I was a bundle of nerves before I left NYC for Guatemala. I had read enough stories about how unsafe it was, hadn’t travelled solo in another country for a while, and Central America just felt like a world away. My fears were gradually alleviated when I landed here, realizing how laid back the locals are, and in some ways, how much more organized travelling here is than many developing countries I’ve been to.
Here are my impressions of Guatemala, penned during my three weeks here:
Guatemala pushed me out of my comfort zone.
When it comes to comfort zone, no country forces you to push your boundaries the way India does. But after all these years of travelling, often solo, in India, Europe and Asia, that nagging feeling of being too cocooned in my comfort zone had started to surface. My time in Guatemala has rekindled my sense of adventure; from speaking only Spanish for twenty days, to delayed buses depositing me at abandoned bus stops in the middle of the night, to living with and adapting to the ways of a Mayan family, to exploring places that I had only ever read about in text books. It took me longer than usual to lower my guard to the ways of the country, being my first tryst with Central America, but I came out with the realization that as long as I followed my instincts, I felt as safe as I did in any other part of the world.
The ancient Mayan way of life is still alive… but maybe not for long.
First things first, the “end of the world” calendar of the Mayans has been misconstrued by most people; it merely signified the end of an era. I tried to raise the topic in some light-hearted conversations, but was met with confused looks; the Mayans clearly didn’t have an idea of the broo-ha their calendar had caused at the end of 2012! Of the 22 indigenous Mayan communities that live in Guatemala, many still speak their native sound-oriented languages (“ha” means let’s go in Q’eq’chi, and “maltiosh” means thank you in Itza), are distinguished by the patterns of the women’s dresses, and a few even worship Maximon – a Mayan saint depicted with cigar and alcohol, and Ixcacao – the Mayan Goddess of chocolate!
But it was living with a Mayan Itza family that led me to realize that while Spanish colonialism and Guatemala’s dictatorship era wiped away big chunks of the ancient Mayan way of life, tourism and globalization continue to chip away at it. Most communities are now entirely catholic and primarily speak Spanish; the younger ones often aspire to learn English and adopt western ways – something we can’t really hold against them. Go experience their unique culture while you still can.
The natural beauty is stunning!
While I expected to rub shoulders with Guatemala’s ancient Mayan culture, I didn’t expect to be awed by the country’s natural beauty, something I seldom read about in my research. Antigua itself offers breath taking views of three active volcanoes, and on it’s outskirts, the road winds along green-sculpted mountains, past swaying maize fields, and across sleepy villages. In the northern department (as states are referred to here) of Peten, I found myself amid rolling meadows with grazing cattle, lived in a village that overlooked the pristine lake Peten Itza, and hiked in the dense tropical rainforests of the Mayan Biosphere Reserve. And my solar-powered Airbnb studio in the village of San Marcos La Laguna was like an eagle’s nest above Lake Atitlan and its volcanoes (Sign up on Airbnb with my referral link and get 25$ off your first stay). So yes, I give Guatemala full credit for sweeping me off my feet with its natural beauty!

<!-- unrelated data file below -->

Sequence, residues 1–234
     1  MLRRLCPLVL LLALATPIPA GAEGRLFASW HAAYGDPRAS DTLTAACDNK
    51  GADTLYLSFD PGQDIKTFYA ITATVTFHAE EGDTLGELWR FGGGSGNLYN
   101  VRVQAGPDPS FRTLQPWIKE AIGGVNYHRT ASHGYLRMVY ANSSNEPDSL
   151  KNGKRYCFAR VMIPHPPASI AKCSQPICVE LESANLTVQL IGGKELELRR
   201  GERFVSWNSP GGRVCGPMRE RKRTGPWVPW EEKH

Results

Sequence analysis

Vegetarian food in Guatemala is delicious!
Frijoles (black beans) and arroz (rice) are the staple diet in Guatemala, and as someone who is always craving Mexican-style food, my vegetarian taste buds felt delighted here. My host family in the village of San Jose typically ate the expensive meat dishes for only one meal, with plenty of veggies. Lunch and dinner mostly consist of frijoles, platanos (plantains) and huevos (eggs), and sometimes pasta, topped with salsa picante or chile, served with heaps of maize tortillas. In many local-run cafes and restos, I’ve indulged in bean or veggie tamalitos, empanadas, tostadas, and such. Yummy!
The locals are friendly, but knowing a little Spanish is a must.
I must admit that I was taken by surprise in Antigua, where I met only two locals over my three days who spoke any English at all! I had chosen to ditch expat-run cafes and was after local interaction, which rigorously tested the little Spanish I had learnt years ago. It really helped to enroll in the Bio Itza Spanish school and live with a Mayan Itza family in a little village in Peten; I was literally the only English speaker in the village, and got to practice everything I learnt. I had plenty of light-hearted conversations with locals, was approached by young girls and boys in remote villages to take selfies and add me on Facebook, and even had a few admirers! And of all things I thought I’ll be doing, I didn’t imagine I’d be playing basketball with Mayan boys and girls.
It’s a delight for offbeat travellers.
I was a little wary of spending too much time in Antigua, the most popular first stop and colonial town in Guatemala, but even when I strolled along its cobblestoned streets over the weekend, I saw only a handful of other travellers (SEE: A Glimpse of Antigua, Guatemala). I borrowed a bicycle from my Airbnb home and cycled through some pretty neighbourhoods, peeping into courtyards, hearing Spanish music pouring out of most homes, and watching people relaxing on their hammocks – something I’ve come to love about the spirit of the people of Guatemala, even in remote villages. Point being, if you like to go off the beaten path and discover unspoilt locales and cultures, Guatemala is your kind of place.
By the time you’re reading this, I’ll be seeking more adventures in a protected forest in Honduras!
What are your impressions of Guatemala?